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Five Pillars Yoga

The Yoga of Swimming

Plus 3 Ways To Practice On and Off the Mat!

If you love swimming and are interested in deepening your pranayama practice on the mat, you are in for a wonderful surprise. Whether you swim laps or enjoy water recreationally, you probably recognize that swimming can transform the way you feel. Similar to yoga, the before and after effects are astounding! A powerful, low-impact activity, swimming can also become a incredible pranayama.


Pranayama refers to breathing exercises or breath control. Breath control is one of the very first things we learn during swim lessons by blowing bubbles into the pool. Aside from yoga practice and swimming, there are few places in life where we intentionally control our breathing. With intention and awareness, we can transform swimming into yoga.


What was that about pranayama? Most of the time, we breathe automatically. During yogic breathing exercises, we control the breath to create more energy or prana in our bodies. Pranayama is one of the eight limbs of yoga (Ashtanga = eight limbs) in the Yoga Sutras of Patanjali. Ashtanga Yoga is a pathway to ultimate freedom and bliss. Although modern-day yoga is often dominated by yoga asanas or postures, breathing exercises are given equal importance in the Yoga Sutras.



How do we practice pranayama while swimming? When we swim, we hold our breath to go under water and then slowly let the air out while we propel ourselves forward or backward. When we surface, we take another big breath and continue the pattern we have started. The more rhythm we create with our breathing, the more ease we feel when swimming. In essence, we learn to coordinate our breath with movement, which is the foundational concept in a yoga vinyasa class. In fact, the word vinyasa means “a method in yoga in which movements and breath are coordinated.” Paying attention and controlling our breath during yoga practice and swimming alike has the capacity to create a vinyasa, or a moving meditation.


 Swimming and pranayama are mutually beneficial.


Practicing swimming requires breath control and rhythmic breathing, which will deepen your yoga practice on the mat. And practicing pranayama on land can help to enhance your swimming techniques and lung capacity in the pool. Win-win.


That said, you may be thinking to yourself: I swim all summer and even during the other months of the year, but my mind races while I swim and I am hardly aware of how I am breathing… I am on autopilot. How is this like yoga?


Like the ease we feel peddling and balancing once we have learned to ride a bike, breath control while swimming becomes automatic. Even though we are raising our energy levels and opening energy channels in our body when we swim regardless of our intention, awareness and mindfulness gradually shifts our experience in the water.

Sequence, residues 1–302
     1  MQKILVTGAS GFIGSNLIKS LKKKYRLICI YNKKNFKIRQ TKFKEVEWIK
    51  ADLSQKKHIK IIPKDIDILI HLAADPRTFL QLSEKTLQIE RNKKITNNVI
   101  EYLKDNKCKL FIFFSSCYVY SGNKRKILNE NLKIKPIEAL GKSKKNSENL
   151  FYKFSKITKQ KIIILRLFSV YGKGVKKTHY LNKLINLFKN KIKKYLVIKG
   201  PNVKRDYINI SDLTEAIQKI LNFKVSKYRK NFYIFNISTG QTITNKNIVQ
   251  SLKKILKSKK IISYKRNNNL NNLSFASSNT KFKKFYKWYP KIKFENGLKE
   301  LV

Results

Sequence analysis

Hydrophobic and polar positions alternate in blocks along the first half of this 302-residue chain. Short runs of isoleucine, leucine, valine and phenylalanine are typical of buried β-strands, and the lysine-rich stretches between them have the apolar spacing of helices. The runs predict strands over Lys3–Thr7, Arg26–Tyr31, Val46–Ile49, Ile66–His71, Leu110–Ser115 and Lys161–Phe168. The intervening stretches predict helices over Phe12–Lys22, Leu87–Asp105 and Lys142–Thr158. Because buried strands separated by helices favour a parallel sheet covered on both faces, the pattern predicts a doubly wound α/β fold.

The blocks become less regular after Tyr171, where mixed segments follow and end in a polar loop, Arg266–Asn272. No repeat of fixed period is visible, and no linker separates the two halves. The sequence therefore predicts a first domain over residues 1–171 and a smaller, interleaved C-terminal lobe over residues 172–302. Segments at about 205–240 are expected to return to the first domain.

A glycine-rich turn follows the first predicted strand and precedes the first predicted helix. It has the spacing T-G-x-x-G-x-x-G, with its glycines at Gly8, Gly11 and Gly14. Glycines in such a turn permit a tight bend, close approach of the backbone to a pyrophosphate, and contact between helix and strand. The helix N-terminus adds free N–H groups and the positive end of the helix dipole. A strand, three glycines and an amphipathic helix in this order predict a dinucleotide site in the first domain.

The Yoga of Swimming = Swimming + Intention + Awareness


Without intention and awareness, yoga resembles stretching, calisthenics, sitting, or even napping. Similarly, without mindfulness, swimming is the act of moving through water. Intention and awareness transforms these movements and postures into what we call yoga. Yoga is the union or yoking of mind with spirit.


When you cultivate mindfulness and intention, swimming can become yoga, leaving you with a deep sense of inner peace, freedom, and even bliss! Ready to dive in?



Three Ways to Practice the Yoga of Swimming:


In the pool: How does your physical body feel before and after you swim? What happens to your energy before and after you swim? Do you feel pulsing, streaming or tingling sensations? How do you feel emotionally before and after your swim? Notice your state of mind before you enter the water. Then notice your state of mind at the end of your practice.


On the mat: While you are practicing yoga on your mat, imagine you are moving through water. Anytime you expand (raise your arms, lift your heart, head, or hips), inhale deeply. And anytime your contract (fold forward, root into the ground, sink your hips, lower your hands), slowly exhale. When you hold postures, create long inhalations. Imagine you are about to dive under the water at the top of your inhalation and pause. Then slowly exhale. At the bottom of your exhalation, imagine you are still under water and pause. Continue this breathing pattern. With a little intention and imagination, you can use your experience in the water to deepen your yoga on the mat.


Practice yoga by the water: Practice yoga by the water. If you are by a pool, take your standing balancing postures into the shallow end of the pool. Then, end your asana practice with savasana on a floatation device or lying down next to the water. Try meditating near water after you swim or practice yoga.


*Be sure to use safety precautions while practicing by water, especially the ocean, and have fun!